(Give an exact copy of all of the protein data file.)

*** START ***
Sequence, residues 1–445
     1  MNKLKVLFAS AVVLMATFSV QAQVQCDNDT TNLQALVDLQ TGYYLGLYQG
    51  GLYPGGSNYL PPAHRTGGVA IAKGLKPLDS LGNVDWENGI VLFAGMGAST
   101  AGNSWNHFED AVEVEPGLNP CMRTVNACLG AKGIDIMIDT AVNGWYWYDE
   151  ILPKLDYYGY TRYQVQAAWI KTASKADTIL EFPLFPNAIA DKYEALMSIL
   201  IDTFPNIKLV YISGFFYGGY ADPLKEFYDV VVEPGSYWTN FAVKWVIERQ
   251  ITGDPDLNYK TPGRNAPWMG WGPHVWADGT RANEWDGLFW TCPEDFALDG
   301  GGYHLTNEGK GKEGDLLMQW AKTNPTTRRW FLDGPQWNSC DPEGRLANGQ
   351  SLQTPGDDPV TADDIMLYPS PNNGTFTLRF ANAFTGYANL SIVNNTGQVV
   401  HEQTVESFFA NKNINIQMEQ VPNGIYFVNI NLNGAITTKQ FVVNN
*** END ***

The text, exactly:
Sequence, residues 1–445
     1  MNKLKVLFAS AVVLMATFSV QAQVQCDNDT TNLQALVDLQ TGYYLGLYQG
    51  GLYPGGSNYL PPAHRTGGVA IAKGLKPLDS LGNVDWENGI VLFAGMGAST
   101  AGNSWNHFED AVEVEPGLNP CMRTVNACLG AKGIDIMIDT AVNGWYWYDE
   151  ILPKLDYYGY TRYQVQAAWI KTASKADTIL EFPLFPNAIA DKYEALMSIL
   201  IDTFPNIKLV YISGFFYGGY ADPLKEFYDV VVEPGSYWTN FAVKWVIERQ
   251  ITGDPDLNYK TPGRNAPWMG WGPHVWADGT RANEWDGLFW TCPEDFALDG
   301  GGYHLTNEGK GKEGDLLMQW AKTNPTTRRW FLDGPQWNSC DPEGRLANGQ
   351  SLQTPGDDPV TADDIMLYPS PNNGTFTLRF ANAFTGYANL SIVNNTGQVV
   401  HEQTVESFFA NKNINIQMEQ VPNGIYFVNI NLNGAITTKQ FVVNN